On Dec. 12, Korey Jennings, 38, Jamal Burley, 38, and Adrien Brown, 42, were found shot to death in a 517 W. Delason Ave. home. Police have yet to make any arrests in that case, but Chief of Detectives Capt. Brad Blackburn said the investigation is “progressing.” A coroner’s report released last week said all three men suffered multiple gunshot wounds and investigators found multiple shell casings from multiple weapons inside the home.
It took police about a year to indict two people for the Nov. 7, 2018, shooting deaths of Edward Morris, 21, Valarica Blair, 19, and their 3-month-old son, Tariq Morris, who were shot to death in a car at East Pasadena and Gibson streets. Those men are awaiting trial.
In the two recent cases, Blackburn said one thing that has helped greatly is that the detectives assigned to the cases have gotten lots of help from their colleagues. He said other detectives are helping them with tasks such as looking up information or running down leads and they have all done it without being asked.
“When it’s time to work up here, these guys work,” Blackburn said.
That is doubly important because the Detective Bureau is down three detectives, who normally investigate homicides. Two are recuperating from surgery and the third is recovering from a fractured ankle, so the department’s on-call rotation has been scrambled until the three can come back.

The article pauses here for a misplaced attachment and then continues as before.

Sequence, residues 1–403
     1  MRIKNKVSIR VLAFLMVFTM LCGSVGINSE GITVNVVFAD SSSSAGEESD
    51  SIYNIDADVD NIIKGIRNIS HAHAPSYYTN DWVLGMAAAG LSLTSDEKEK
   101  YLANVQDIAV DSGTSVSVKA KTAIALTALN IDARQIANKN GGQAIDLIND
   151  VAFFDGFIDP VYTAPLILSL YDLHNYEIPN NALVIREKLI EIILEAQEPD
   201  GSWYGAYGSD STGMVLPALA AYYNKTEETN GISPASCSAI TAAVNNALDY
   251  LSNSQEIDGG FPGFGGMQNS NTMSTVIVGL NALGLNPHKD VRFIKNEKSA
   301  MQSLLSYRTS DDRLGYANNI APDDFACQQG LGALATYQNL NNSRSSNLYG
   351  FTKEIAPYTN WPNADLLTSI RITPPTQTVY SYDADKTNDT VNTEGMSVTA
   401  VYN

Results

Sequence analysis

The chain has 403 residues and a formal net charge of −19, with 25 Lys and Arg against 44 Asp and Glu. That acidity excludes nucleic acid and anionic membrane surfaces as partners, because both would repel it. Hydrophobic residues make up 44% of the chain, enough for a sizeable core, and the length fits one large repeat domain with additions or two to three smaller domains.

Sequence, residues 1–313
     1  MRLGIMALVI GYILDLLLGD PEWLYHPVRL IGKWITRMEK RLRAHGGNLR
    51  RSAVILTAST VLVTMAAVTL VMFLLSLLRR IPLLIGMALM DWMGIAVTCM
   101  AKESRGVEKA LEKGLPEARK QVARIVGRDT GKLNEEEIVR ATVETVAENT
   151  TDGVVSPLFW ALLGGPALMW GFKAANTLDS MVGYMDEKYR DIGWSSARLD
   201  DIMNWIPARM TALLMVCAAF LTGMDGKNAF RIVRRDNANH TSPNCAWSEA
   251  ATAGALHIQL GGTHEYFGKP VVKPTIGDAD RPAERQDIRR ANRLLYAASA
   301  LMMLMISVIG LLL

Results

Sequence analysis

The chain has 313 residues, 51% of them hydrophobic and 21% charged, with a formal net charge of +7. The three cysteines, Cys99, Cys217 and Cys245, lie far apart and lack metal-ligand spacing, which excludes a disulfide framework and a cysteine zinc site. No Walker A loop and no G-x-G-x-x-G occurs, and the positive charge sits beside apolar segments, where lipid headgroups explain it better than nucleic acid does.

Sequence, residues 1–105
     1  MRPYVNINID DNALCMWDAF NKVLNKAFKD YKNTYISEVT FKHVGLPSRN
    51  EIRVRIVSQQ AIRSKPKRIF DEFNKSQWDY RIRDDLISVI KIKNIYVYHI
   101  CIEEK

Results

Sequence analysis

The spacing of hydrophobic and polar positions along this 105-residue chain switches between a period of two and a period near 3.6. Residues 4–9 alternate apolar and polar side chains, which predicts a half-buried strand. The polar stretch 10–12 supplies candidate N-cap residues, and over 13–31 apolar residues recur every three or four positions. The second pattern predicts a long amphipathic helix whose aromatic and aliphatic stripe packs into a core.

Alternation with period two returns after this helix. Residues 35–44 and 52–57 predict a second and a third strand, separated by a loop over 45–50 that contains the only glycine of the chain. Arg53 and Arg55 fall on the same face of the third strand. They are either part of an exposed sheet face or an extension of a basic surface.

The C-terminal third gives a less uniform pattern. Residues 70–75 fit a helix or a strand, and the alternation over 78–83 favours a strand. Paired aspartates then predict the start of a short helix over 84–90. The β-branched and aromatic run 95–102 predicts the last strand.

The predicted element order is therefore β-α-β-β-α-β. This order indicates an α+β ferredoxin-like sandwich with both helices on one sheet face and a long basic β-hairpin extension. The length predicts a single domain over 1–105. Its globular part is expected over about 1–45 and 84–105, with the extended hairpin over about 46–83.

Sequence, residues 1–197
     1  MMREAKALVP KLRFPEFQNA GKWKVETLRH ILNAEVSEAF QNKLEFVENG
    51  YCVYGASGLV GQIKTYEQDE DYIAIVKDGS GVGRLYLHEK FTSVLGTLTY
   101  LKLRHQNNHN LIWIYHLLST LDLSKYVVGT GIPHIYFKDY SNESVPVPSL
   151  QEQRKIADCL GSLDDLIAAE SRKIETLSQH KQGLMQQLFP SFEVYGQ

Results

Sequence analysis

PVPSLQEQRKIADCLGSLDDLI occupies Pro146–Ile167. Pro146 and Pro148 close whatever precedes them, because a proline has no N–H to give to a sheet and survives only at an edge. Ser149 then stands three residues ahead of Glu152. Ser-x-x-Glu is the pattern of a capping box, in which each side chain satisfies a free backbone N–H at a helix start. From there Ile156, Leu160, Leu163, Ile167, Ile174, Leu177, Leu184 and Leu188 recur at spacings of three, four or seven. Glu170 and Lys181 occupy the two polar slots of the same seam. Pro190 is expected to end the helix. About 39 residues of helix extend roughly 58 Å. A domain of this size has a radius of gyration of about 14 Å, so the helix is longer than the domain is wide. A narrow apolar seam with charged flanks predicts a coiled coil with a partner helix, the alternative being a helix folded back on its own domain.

Last year, the department switched from a two-man team to having a three-man team on call, and that was still utilized on Saturday despite the detective shortage. While Detective Sergeants Robert Gentile and Anthony Vitullo met Blackburn at the crime scene, Detective Sgt. Michael Cox was sent to St. Elizabeth Health Center, where the Morris’ were taken, to see if they were able to talk.
The two died of their wounds at the hospital before Cox got there, but he stayed on the job because there was still a lot of work to do.
Gentile and Vitullo are also two of the four detectives who were called out to work the Logan Avenue case. Gentile is the lead investigator on that case. Vitullo is the lead detective in the Morris family case.